Chemistry of Skin-Inspired Flexible and Stretchable Electronic Materials
Skin is the body’s largest organ, and is responsible for the transduction of a vast amount of information. This conformable, stretchable and biodegradable material simultaneously collects signals from external stimuli that translate into information such as pressure, pain, and temperature. The development of electronic materials, inspired by the complexity of this organ is a tremendous, unrealized materials challenge. However, the advent of organic and carbon-based electronic materials may offer a potential solution to this longstanding problem. In this talk, I will describe organic and carbon nano electronic materials to mimic skin functions. These new materials enabled unprecedented performance or functions in medical devices, energy storage and environmental applications.
Synthetic biology approaches to new chemistry
Living systems have evolved the capacity to carry out many chemical transformations of interest to synthetic chemistry if they could be redesigned for targeted purposes. However, our ability to mix and match enzymes to construct de novo pathways for the cellular production of small molecule targets is limited by insufficient understanding how chemistry works inside a living cell. Our group is interested in using synthetic biology as a platform to study how enzymes function in vivo and to use this understanding to build new synthetic pathways for the production of pharmaceuticals, nanomaterials, and fuels using living cells.
Low molecular weight, chiral organic molecules possessing distinct hydrogen-bond donor motifs have been shown to catalyze an array of C–C and C–heteroatom bond-forming reactions with high enantioselectivity and broad substrate scope. In particular, dual hydrogen bond donors such as ureas, thioureas, squaramides, and guanidinium ions have been studied in detail in the context of electrophile activation. These catalysts operate by either of two, fundamentally different modes of electrophile activation: 1) direct hydrogen bonding to a neutral electrophile, and 2) anion binding to generate chiral ion pair. We have applied the latter reactivity concept to several classes of cationic electrophiles that have presented long-standing challenges to asymmetric catalysis.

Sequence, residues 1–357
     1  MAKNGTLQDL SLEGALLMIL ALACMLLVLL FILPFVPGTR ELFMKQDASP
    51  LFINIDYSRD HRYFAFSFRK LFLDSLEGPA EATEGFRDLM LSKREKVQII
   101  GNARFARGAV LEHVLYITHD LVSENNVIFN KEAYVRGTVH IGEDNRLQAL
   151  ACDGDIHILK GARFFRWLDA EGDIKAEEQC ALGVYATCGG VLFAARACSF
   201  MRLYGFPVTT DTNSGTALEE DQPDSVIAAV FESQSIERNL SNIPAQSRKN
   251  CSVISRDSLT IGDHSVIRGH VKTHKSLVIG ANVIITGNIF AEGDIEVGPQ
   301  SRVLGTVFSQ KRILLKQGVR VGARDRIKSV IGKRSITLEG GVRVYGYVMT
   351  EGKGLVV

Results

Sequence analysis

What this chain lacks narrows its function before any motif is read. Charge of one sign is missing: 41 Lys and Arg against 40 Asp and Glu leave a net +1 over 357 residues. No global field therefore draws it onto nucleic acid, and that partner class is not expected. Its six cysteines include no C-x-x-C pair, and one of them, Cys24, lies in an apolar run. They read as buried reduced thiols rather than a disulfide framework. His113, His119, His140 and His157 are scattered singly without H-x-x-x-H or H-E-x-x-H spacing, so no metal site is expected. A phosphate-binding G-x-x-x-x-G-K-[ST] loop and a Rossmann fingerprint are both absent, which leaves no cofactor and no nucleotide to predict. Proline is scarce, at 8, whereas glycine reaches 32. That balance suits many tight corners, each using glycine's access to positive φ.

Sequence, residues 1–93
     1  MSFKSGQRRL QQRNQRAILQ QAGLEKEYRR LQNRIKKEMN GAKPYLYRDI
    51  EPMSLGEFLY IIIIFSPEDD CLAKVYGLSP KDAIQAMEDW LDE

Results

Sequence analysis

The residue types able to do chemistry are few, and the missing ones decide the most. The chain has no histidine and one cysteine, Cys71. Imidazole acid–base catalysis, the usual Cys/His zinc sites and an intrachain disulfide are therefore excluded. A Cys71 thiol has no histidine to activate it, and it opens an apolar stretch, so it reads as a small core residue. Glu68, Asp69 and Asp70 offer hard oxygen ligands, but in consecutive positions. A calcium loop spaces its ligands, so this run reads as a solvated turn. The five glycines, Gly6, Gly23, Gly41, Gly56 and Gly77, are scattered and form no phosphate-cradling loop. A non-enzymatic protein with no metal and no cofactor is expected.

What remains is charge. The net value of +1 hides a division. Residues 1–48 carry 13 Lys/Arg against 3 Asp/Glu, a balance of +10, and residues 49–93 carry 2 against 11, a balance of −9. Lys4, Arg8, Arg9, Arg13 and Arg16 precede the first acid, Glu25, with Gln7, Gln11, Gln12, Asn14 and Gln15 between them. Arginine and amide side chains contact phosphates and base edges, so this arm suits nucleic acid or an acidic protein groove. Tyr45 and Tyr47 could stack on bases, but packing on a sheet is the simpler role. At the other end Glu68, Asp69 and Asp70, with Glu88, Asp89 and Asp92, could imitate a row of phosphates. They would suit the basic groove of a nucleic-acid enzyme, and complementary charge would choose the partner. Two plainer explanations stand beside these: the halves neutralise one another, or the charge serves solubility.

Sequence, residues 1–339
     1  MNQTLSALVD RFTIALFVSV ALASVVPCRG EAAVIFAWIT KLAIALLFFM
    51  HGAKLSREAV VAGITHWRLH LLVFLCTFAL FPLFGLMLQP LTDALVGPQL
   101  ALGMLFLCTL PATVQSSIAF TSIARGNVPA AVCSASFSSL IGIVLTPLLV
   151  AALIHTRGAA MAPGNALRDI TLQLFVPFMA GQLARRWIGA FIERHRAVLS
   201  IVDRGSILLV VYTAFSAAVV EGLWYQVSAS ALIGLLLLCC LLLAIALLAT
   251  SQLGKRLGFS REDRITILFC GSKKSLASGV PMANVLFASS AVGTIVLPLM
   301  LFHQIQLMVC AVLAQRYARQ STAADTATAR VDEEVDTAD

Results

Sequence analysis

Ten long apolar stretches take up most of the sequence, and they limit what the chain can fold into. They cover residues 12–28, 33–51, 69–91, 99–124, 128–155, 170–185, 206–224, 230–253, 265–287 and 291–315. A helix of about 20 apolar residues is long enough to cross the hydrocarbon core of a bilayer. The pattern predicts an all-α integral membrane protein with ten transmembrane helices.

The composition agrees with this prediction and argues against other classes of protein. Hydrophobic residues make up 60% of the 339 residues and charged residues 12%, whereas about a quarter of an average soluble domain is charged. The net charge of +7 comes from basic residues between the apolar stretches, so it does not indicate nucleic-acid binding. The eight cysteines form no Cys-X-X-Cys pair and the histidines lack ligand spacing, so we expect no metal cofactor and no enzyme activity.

In this lecture, I will describe detailed kinetic and mechanistic studies catalytic anion-abstraction processes. These investigations have revealed unexpected cooperative mechanisms, and new strategies for the design of highly efficient catalysts. The talk will conclude with the application of these insights to the discovery of novel glycosylation catalysts.
Richard R. Schrock
Recent Advances in Olefin Metathesis by Molybdenum and Tungsten Catalyst
One of the most important developments in the last five years in olefin metathesis chemistry with high oxidation state Mo or W catalysts has been development of M(NR)(CHCMe2R')(OR)(Pyrrolide) (MonoAlkoxidePyrrolide or MAP) complexes, especially those in which OR is a sterically demanding terphenoxide such as 2,6-dimesitylphenoxide (OHMT). MAP complexes under the right circumstances have proven to be Z-selective in a variety of olefin metathesis reactions, among them enantioselective ring-opening/cross metatheses, ROMP to givehighly stereoregular polymers, ethenolysis of internal olefins such as oleates, coupling of terminal olefins, cross coupling of terminal olefins, and synthesis of macrocyclic natural products. Recent applications of metathesis in polymer chemistry includes stereoregular ring-opening metathesis polymerization to give cis,isotactic or cis,syndiotactic polymers as well as alternating AB copolymers. Tungsten oxo alkylidene complexes are a potentially important new category of catalysts because they can be "activated" by binding B(C6F5)3 to the oxo ligand and are likely to be analogs of metathesis catalysts found in classical metathesis catalyst systems. The most recent advance includes Z-selective and E-selective reactions with electron-poor olefins such as cis or trans ClCH=CHCl or (CF3)CH=CH(CF3) by Mo(NR)(CHCMe2R')(OR)(Cl)(donor) (MAX) initiators. The most desirable catalysts, dissolved in a paraffin tablet that can be handled and weighed in the air, are now commercially available in increasing variety for various applications.
Ligand-Accelerated C-H Activation Reactions: Distance and Geometry
Two different classes of novel ligands are developed to drastically accelerate Pd- catalyzed C–H activation reactions. These ligands enable the activation of C–H bonds that are near or far from a functional group, demonstrating the feasibility of achieving selectivity by recognizing the distal and geometric relationship between different C–H bonds and existing functional groups. Enantioselective C–H activation reactions are also made possible by using chiral version of these ligands, providing new disconnections for asymmetric synthesis.
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